By Derek Henderson Phd.

In the mid-1980’s, during a conversation about computers, the legendary mythologist Josephac Campbell asked his interviewer, the journalist Bill Moyers, if he had “ever looked inside one of those things,” to which Moyers responded—flatly, dismissively—“No, and I don’t intend to.”

Campbell, clearly ignoring Moyers’ disinterest, continues: “You can’t believe it. It’s a whole hierarchy of angels—all on slats. And those little tubes—those are miracles.”

Campbell’s reference to “those little tubes” in the computers of 1985 (which is, incidentally, the year after Apple released its first Macintosh computer) is surely quaint and mildly touching. After all, our iPods and cell phones have processing power magnitudes greater than the computers made up of “those little tubes,” and are, in many cases, smaller than the tubes themselves.

Yet while the size and architecture of the computers that so fascinated Campbell may strike us as sweet, I trust that his fascination with “the hierarchy of angels” on the circuit board, and his perception of “those little tubes” as “miracles,” must strike us as awe-inspiring.

Campbell sees in the circuitry and software of his time the evidence of a mythos in the making.

The programs that have been plugged into our computers and processors for the past several decades are as significant as the cuneiform script of the Sumerians, as potent as the ancient Indian Mahabharata, as momentous and as revelatory as the tablets of stone brought down by Moses, as meaningful as the Logos in the Gospel of John.

Like those ancient texts and revealed wisdoms, the little devices we hold in our hands have the potential to reveal to us new wisdoms, new revelations. They are opportunities for us to create myths for our time, myths that are, as poet Robert Duncan proposes, “an enduring design in which the actual living consciousness arises.”

It is important to note that Campbell does not see these technologies as saviors, but as means towards a contemporary mythology, towards a new salvation. The circuits and programs contain angels and miracles, yes, but angels and miracles are only ever real when they have prophets and saints for their communications.

Consider the magnitudes of difference in the scale of the first computers and our current, miniaturized supercomputers: the first computer, ENIAC, was as big as an airplane and weighed 30 tons, while an iPad, weighing a mere one and a half pounds, can perform 21,599,999,615 more operations per second than it’s predecessor. I am recalled to the monumental size of the ancient Greek Acropolis, and its contrast with the domestic devotions of the Romans to their household gods, such Hestia, goddess of the hearth and home.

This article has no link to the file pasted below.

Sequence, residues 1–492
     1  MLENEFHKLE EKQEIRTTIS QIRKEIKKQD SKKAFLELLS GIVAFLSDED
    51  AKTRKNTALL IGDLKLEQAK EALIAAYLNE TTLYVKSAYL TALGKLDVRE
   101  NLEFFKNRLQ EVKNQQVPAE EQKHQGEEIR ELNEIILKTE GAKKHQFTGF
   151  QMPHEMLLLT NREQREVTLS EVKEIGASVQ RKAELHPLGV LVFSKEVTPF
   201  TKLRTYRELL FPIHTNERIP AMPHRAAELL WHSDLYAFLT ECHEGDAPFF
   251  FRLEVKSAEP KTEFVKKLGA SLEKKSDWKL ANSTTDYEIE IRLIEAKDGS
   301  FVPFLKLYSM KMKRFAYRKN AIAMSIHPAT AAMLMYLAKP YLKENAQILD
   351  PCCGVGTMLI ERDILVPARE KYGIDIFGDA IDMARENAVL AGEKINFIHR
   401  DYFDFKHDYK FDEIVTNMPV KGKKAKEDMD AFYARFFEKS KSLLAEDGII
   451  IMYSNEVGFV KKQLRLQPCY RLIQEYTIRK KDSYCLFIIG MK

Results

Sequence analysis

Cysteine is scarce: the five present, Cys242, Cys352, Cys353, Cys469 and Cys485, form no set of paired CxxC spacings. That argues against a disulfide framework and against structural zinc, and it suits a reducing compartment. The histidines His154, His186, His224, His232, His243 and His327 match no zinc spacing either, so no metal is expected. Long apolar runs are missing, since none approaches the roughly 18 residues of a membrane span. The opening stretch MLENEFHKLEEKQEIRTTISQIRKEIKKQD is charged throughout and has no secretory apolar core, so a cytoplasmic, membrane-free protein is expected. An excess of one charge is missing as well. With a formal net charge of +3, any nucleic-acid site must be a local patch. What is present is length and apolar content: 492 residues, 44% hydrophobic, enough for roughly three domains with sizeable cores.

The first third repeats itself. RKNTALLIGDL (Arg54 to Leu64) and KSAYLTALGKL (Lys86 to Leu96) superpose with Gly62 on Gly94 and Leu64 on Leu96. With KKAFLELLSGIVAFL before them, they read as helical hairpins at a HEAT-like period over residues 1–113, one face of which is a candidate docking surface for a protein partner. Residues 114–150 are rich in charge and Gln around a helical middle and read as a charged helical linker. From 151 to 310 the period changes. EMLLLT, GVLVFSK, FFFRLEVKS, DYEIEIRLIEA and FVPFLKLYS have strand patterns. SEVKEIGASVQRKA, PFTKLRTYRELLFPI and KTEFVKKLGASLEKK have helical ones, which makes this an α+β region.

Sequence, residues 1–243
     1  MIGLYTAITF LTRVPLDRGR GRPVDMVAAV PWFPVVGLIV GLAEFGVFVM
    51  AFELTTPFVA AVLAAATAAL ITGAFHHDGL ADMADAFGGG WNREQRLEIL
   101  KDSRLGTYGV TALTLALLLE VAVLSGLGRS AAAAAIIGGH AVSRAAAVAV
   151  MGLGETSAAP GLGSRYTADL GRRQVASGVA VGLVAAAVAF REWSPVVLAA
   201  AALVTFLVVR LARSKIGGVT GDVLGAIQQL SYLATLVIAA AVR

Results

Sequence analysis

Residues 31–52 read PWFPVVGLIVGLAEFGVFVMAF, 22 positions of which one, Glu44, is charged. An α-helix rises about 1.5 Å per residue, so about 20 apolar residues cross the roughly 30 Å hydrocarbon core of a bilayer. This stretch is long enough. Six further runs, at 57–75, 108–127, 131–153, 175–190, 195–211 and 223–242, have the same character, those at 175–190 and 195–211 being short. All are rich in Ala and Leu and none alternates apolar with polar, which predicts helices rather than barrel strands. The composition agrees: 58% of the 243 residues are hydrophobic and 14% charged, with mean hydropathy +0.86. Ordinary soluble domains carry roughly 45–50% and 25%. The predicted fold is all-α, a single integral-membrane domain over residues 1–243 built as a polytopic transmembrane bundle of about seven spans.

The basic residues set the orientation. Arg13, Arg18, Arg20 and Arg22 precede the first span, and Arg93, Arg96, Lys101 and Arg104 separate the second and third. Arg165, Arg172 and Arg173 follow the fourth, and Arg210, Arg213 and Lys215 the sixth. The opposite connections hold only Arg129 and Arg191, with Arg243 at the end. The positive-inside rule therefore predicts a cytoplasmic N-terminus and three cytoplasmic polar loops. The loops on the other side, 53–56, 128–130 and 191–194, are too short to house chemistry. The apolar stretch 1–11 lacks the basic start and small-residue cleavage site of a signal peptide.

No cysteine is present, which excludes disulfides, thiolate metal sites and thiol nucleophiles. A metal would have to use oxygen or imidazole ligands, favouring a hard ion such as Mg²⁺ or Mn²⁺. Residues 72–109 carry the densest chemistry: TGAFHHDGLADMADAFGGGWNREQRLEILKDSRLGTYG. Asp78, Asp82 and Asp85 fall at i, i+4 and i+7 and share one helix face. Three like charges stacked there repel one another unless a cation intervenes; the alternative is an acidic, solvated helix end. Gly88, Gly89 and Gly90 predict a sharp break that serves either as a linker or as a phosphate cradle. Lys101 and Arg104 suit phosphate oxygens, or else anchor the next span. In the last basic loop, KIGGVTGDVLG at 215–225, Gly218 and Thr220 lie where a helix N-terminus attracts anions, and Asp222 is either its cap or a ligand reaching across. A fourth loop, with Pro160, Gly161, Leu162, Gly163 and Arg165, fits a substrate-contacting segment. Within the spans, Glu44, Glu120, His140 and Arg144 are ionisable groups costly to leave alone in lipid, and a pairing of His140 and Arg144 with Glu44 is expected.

Whereas 25 years ago, an entire generation worshiped at the marvels of an airplane-sized machine capable of simple computations, now we are each urged to turn off our cell phones so that their billions of computations per second won’t interrupt the computations that keep an actual airplane aloft. 25 years ago, people marveled as a whole at ENIAC, and now we walk around with Siri, a little mechanical angel in our pocket, who can tell you exactly how much less she weighs than ENIAC.

And it’s precisely those intimate, domestic things in our pockets that may be, mythically speaking, more grand than the grandest of monuments to the grandest of human achievements. Like the Romans and their devotion to the humble hearth, we all keep our little personal talismans, our tokens of remembrance and belief: rosaries, Qur’ans, rings from our grandfathers, bracelets from friends, seeds our two-year-old knew were somehow essential.

Such tokens are emphatically not distractions—instead, they become localized legends for us by virtue of memorializing a moment of meaningful experience, for being actual objects that recall us to an actual moment in the mythological narrative of our personal histories.

Similarly, the little angels in our pockets and on our desktops, in our laps and bags and every corner of our modern age, should be considered as something other than distractions, as means of entertaining our selves when we’re bored. Rather, when we reach for them, we ought to do so with reverence, and would do well to remember the words of Jane Ellen Harrison, another legendary mythographer: “We find in every sacrament what we bring.”

Our myths, in other words, are ours to write.